Sunday, August 8, 2010

Steak Night

So, tonight's post is more a you-tell-me kind of dealie. Mr Cake and I have decided to implement a new tradition in our humble home, due to a) neither of us eating enough iron since we tend towards veggie food for the most part and b) wanting to be able to cook a nice cut of meat well. We therefore created steak night. However. Neither of us really know much about cooking meat. Soooo... We managed to make some pretty delicious cauliflower mash, and our steak looked good - but the tender perfection is still proving quite elusive.

It was edible but average - so what I'd love is for you guys to give me some advice; what are your best steak cooking tips, and what are the best cuts?Any advice will be greatly appreciated!


  1. Resting the meat is key - really. Once cooked to your liking, slide it on to a (preferably warmed) plate, cover loosely with foil, and don't touch it for 5 minutes. This gives you time to finish prepping everything else, so it all works out well.

  2. Get your steak from a butcher and ask for it aged. Supermarket beef is not aged properly and so tends to be tough. For tender steak go an eye fillet, if flavour is your thing go a fattier cut like scotch fillet, if you are weight watching (like me) then rump is lean. I rub the steaks with garlic, spray with oil (the steaks not the pan) and place in a HOT pan, turn once only and then rest for as long as the time you spent cooking them. Steak, my favourite meal :-)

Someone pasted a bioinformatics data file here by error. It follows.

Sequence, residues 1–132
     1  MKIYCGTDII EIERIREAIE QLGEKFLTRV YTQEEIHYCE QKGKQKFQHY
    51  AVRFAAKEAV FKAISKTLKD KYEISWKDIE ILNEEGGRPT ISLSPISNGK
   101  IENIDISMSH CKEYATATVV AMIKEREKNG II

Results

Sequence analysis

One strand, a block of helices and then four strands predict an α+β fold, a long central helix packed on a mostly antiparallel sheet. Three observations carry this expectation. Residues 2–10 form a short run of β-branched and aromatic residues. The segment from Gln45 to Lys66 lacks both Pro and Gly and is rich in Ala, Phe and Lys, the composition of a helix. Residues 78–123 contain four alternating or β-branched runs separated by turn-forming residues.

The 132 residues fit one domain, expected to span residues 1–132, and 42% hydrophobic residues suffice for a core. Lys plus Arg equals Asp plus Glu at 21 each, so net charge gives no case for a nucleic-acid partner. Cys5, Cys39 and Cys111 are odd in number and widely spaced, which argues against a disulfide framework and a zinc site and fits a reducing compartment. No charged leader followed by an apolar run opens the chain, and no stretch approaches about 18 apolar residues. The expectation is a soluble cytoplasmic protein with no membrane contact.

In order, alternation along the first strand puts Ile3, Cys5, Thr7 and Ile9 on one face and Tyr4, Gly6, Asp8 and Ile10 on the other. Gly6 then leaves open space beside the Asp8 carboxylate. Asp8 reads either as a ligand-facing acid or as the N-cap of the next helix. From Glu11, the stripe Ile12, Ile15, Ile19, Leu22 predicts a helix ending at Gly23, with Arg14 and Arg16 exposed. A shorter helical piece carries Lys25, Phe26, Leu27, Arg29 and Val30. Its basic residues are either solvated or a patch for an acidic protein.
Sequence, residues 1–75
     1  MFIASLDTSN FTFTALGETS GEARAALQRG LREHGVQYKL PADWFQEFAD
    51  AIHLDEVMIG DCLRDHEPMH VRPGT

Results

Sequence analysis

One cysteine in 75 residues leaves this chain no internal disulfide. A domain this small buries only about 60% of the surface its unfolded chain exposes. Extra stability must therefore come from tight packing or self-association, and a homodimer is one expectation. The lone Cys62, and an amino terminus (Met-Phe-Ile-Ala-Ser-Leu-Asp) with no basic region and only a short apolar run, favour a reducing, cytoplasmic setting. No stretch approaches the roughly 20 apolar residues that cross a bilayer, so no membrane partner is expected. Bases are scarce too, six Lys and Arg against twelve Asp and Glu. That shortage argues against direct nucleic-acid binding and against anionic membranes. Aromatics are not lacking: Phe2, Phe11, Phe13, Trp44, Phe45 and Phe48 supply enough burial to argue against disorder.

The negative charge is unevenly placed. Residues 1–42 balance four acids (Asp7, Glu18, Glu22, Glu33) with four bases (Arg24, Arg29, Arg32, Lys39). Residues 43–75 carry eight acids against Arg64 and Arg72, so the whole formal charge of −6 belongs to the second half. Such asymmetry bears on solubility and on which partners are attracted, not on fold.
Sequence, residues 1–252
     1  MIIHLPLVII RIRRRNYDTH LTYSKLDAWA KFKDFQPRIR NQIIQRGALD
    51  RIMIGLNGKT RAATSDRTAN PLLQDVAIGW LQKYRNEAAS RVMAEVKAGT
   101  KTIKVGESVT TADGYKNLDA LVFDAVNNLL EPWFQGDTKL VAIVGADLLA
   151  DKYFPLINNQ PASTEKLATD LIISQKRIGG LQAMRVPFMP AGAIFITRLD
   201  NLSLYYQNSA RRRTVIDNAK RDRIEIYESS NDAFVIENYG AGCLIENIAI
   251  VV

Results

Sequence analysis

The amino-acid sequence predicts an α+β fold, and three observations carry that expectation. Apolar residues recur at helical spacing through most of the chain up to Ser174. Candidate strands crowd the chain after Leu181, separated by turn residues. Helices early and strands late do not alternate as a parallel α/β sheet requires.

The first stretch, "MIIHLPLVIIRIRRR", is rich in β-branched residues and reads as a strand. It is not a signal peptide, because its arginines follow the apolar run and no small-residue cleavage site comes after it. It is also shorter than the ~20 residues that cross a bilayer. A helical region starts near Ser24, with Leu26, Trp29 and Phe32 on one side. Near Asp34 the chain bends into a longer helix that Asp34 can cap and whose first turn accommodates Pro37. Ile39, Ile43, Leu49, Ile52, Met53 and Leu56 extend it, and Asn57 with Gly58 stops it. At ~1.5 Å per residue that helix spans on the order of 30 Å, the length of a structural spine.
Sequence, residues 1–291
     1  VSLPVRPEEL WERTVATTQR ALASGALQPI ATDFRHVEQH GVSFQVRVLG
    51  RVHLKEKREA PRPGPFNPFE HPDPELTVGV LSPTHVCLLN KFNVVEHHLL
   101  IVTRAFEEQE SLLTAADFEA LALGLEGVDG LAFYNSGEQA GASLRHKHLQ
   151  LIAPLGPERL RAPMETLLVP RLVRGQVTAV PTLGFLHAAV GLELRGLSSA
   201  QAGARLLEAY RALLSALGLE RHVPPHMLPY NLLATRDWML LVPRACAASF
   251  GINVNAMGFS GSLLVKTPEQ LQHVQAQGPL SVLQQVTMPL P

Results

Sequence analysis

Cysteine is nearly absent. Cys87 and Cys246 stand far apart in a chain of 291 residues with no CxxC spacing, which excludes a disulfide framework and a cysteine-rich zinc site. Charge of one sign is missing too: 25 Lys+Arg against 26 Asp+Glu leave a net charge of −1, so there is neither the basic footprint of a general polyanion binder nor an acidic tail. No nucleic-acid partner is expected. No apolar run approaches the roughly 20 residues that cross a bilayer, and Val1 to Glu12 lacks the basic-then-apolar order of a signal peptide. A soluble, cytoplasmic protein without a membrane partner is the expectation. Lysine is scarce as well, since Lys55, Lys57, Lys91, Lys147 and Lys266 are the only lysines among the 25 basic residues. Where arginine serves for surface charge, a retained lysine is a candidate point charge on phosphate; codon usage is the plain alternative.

3. Hi Mrs Cake. Steak night is a great idea but should be preceded by a careful selection of good quality steak cut. This can be whatever takes your fancy in the top cut range.(see The tenderness of the cut is going to start with the grade of animal then the way it's handled and the processing then the hanging or ageing method (these vary with modern techniques). Then you want to bring the meat to room temperature before you put it anywhere near the heat. If you're slicing it yourself, cut it across the grain. Sear then finish in the oven and then rest for a full five minutes.
    Start with Rib Eye (aka Scotch fillet/Cube Roll) since this has a little marbling through it until you feel you have the technique spot on then move to leaner cuts like Eye Fillet and Porterhouse. Good Luck. Regards Kate

  4. Thanks guys! Some good tips there, I will keep you all posted on how it goes. :-) Can't wait for our next steak night now!


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